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Africa’s transformation must thrive on production, export diversification

Africa’s economic transformation into a global giant must be built on diversification in production and export, Dr Kingsley Yeboah Amoako, the Founder of the African Centre for Economic Transformation (ACET) has said.

Dr Amoako, a former Executive Secretary, the United Nations (UN) Economic Commission for Africa, noted that the continent had over time not transformed as expected though it recorded some economic improvements.

He attributed the situation to the continent’s growth being dependent on primary commodities, with little value addition to its abundant natural and mineral resources and called for change.

“Despite the sense of optimism, Africa has not transformed as expected, because, the more things change, the more things remain the same,” the Economist said.

He advised that governments partnered with the private sector to ensure “great transformation in agric and export. Africa must diversify its export competitively and upgrade technologically.”

That, when done, together with a focus on empowering Africa’s youth, women and Small and Medium-sized Enterprises, he said, would lead to improvement in the wellbeing of the people and create sustainable jobs.

Dr Amoako was speaking as a guest for the first in-person Kekima [wisdom] conversation in Accra, organised by the United Nations Development Programme (UNDP), Africa.

The dialogue, which was the third edition, following two online sessions, was on the theme: “Speeding up transformation – which way for Ghana and Africa”, and attended by some youth and influencers for development.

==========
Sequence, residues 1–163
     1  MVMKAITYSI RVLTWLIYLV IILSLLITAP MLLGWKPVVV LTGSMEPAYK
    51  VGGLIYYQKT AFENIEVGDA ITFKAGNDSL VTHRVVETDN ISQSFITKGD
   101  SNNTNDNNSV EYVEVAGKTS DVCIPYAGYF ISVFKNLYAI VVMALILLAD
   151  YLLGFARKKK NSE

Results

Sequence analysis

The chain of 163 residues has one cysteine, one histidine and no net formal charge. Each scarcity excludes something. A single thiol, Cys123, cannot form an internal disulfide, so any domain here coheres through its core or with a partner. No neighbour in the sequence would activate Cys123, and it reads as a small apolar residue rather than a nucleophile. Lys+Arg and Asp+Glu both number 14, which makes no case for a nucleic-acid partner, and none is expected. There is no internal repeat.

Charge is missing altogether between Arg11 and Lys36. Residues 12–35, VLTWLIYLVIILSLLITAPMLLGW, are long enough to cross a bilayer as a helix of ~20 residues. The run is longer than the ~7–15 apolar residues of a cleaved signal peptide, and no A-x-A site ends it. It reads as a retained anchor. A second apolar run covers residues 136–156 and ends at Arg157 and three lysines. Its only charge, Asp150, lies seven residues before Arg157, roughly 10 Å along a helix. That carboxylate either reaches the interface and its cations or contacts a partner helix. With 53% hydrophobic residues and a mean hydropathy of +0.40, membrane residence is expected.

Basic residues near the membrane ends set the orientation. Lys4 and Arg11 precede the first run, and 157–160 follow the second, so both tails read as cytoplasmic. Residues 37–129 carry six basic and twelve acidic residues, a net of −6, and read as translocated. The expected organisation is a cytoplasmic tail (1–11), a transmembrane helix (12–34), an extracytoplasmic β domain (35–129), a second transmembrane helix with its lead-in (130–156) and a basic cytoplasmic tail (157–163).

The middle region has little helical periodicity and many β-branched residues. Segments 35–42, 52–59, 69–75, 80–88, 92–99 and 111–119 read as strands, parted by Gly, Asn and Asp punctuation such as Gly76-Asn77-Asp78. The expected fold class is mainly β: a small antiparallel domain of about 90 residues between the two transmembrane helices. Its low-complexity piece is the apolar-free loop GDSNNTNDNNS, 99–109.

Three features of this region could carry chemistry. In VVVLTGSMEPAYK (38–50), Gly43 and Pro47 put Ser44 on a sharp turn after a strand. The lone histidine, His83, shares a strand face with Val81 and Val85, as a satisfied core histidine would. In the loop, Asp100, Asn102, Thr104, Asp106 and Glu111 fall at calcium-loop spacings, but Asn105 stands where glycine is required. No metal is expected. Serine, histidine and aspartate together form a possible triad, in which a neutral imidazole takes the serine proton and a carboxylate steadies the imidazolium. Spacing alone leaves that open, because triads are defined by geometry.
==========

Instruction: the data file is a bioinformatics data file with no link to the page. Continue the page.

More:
“Seeking sustainable development means, we [Ghana, and for that matter, Africa], must go beyond mere growth and thrive to diversify exports and production,” he said.

He added that: “We must foster competitiveness in our exports and invest more in agricultural innovation to unlock new avenues for prosperity for Africa.”

To achieve the transformation that Ghana and Africa wanted, Ms Ahunna Eziakonwa, the Director for Regional UNDP’s Bureau for Africa said it was important to harness the combined strength of the State and private sector to conquer business challenges together.

During an intervening session, speakers said it was important to collectively address the challenges that businesses faced on the continent and create a suitable environment for SMEs to grow sustainably.

Data provided by the African Union (AU) indicate that more than 80 per cent of total production, two-thirds of total investment, and three fourths of lending are provided by SMEs within the economy.

The sector also provides jobs for about 90 per cent of the employed working-age population, over 50 per cent of the Gross Domestic Product (GDP), the UN Economic Commission for Africa reports.

It was against this background that the interveners called for increased partnership between State and non-state actors, including Civil Society Organisations (CSOs) and academia to address finance, business and trade barriers.

On the youthful population of Africa, the speakers said, Africa’s young people offered the hope to transform its economy and must be supported in terms of education, mentoring and coaching and technology.

Source: Ghana Business News